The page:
The purpose of the article was really a critique of the Generics Law in the Philippines, not about whether the unethical practices employed by many medical sales representatives (MSR) are illegal. Basically, I described the unethical practices to build up my critique of the Generics Law, suggesting that with the on-going unethical practices… the provision in the Generics Law that enables doctors to include brand names in their prescriptions severely weakens the intended purpose of the law. The MSRs would move heaven and earth to “work with the doctor” in pushing for their brand. There’s nothing wrong with that as long as the means are within the law (e.g. we don’t want MSRs resorting to illegal practices such as extortion just to make sure the doctors would prescribe their products). The MSR would be happy (to be able to meet his sales quota)… the doctor would be happy (receiving all the “benefits from his cooperation”)… perhaps even the pharmacies. The one getting the short end of the stick would probably be the consumer, especially the poor consumers as they may be buying more expensive brand name items having little to no medical advantage over the cheaper generics alternative. If the Generics Law intends to protect the consumers then I see no purpose of the provision in the law allowing doctors to include brand names in their prescriptions when the generic form is already there.

      You are correct, though, in your comment that I wasn’t able to prove that doctors in Third World countries are more susceptible to influence. I really didn’t intend to prove that. However, I wanted to raise that question based on the fact that doctors in Third World countries tend to be more overstretched in their work with lower pay. To prove the susceptibility point would require different and more data. However, the question of plausibility (not proof), I believe, can be entertained based on the factual conditions the doctors in Third World countries have.

      I am also a strong believer of market forces and the free market. The cough remedy case you cited was a good example of how market forces would set things straight. In fact, one of the reasons why I have an issue with regards to the Generics Law allowing for the inclusion of brand names in prescriptions is that it may give certain products an undue advantage. As your cough remedy case proves, even without thinking of the brand name, consumers would go for a product based on the merit and value it gives. This would encourage better competition amongst manufacturers because it would force them to compete on the grounds of the product safety and efficacy as well as cost, as oppose to bells and whistles. So there really is no good reason in the Generics Law for the option of adding the brand name in prescriptions (other than if the product currently does not have a generic counterpart yet).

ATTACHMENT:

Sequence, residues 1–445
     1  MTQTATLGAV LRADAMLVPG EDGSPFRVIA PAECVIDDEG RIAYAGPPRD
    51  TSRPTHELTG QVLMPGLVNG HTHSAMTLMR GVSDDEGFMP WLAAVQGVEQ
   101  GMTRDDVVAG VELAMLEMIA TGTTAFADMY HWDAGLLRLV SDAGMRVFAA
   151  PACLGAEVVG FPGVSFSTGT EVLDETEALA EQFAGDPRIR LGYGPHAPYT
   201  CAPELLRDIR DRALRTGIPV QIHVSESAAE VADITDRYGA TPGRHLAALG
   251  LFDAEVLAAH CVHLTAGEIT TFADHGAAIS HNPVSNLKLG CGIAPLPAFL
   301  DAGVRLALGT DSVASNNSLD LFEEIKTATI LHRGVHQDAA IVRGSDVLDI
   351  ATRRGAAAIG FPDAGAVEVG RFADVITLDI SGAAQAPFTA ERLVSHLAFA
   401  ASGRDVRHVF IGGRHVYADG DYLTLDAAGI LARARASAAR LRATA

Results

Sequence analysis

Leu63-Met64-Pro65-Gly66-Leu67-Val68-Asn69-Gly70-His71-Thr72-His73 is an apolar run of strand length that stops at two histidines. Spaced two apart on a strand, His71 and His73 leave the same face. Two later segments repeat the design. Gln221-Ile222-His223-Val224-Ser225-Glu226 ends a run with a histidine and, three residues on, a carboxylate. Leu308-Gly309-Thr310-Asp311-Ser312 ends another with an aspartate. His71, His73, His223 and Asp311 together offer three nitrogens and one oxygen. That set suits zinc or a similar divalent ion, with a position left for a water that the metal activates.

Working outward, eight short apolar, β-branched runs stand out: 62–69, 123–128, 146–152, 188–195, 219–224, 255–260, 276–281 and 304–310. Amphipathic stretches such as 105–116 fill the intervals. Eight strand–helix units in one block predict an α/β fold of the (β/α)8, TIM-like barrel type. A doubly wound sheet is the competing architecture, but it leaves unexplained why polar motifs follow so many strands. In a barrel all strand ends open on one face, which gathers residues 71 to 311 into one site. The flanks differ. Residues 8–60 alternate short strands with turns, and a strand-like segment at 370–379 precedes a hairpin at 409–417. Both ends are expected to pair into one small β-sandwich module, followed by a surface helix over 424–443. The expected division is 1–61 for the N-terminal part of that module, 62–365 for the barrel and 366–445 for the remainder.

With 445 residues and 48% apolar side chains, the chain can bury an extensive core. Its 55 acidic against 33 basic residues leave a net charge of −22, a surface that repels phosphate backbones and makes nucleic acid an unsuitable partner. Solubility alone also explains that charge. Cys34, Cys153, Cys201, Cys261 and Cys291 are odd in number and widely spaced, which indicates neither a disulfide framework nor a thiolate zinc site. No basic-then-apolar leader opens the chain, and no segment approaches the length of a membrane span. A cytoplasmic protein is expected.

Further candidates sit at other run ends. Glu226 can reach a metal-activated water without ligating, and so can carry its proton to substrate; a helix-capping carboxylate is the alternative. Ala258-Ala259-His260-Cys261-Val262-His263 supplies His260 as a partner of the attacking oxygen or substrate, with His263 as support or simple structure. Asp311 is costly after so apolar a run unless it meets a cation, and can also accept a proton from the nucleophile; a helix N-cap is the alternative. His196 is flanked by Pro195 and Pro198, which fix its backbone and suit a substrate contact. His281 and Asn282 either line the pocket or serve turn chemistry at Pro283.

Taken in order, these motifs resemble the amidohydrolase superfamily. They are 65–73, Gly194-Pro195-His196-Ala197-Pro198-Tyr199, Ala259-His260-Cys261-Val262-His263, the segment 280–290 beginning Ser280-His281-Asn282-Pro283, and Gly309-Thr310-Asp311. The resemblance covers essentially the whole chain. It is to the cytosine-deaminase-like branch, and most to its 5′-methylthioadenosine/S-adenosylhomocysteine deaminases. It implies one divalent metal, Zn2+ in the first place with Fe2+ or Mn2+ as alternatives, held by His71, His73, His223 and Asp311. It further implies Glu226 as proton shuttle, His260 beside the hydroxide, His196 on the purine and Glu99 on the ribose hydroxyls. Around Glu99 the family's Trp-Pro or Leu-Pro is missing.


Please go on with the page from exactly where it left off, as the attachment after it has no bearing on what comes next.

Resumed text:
My sister used to work for a multi-national Big Pharma during the late 80s to the early 90s in the Philippines. The area she was assigned to was amongst the poorest areas of Metro Manila (I’m talking the Smoky Mountain kind here). The product she was peddling was the priciest amongst its class although it had an active pharmaceutical ingredient no better or worse than its competitor. So yes, she engaged in those unethical practices such as enticing doctors (and pharmacies) with gifts and for a few consecutive years she earned top sales awards in her company for the success of her product. Her product, although not really any better or worse than the cheaper competitor, topped sales in the impoverished area she worked in. She quit her job in the early 90s telling me that she couldn’t live with the practice anymore at the expense of the gullible public.

      I’m not suggesting that my sister’s case proves the point that unethical practices by MSRs boost sales. It is merely an anecdotal evidence just like many other similar (or even opposite) stories like the story you shared based on your personal experience. What I am merely saying is that if unethical practices could affect things especially if corruptible doctors are involved, then why make the condition easy for such corrupt practices by allowing the inclusion of brand names in prescriptions?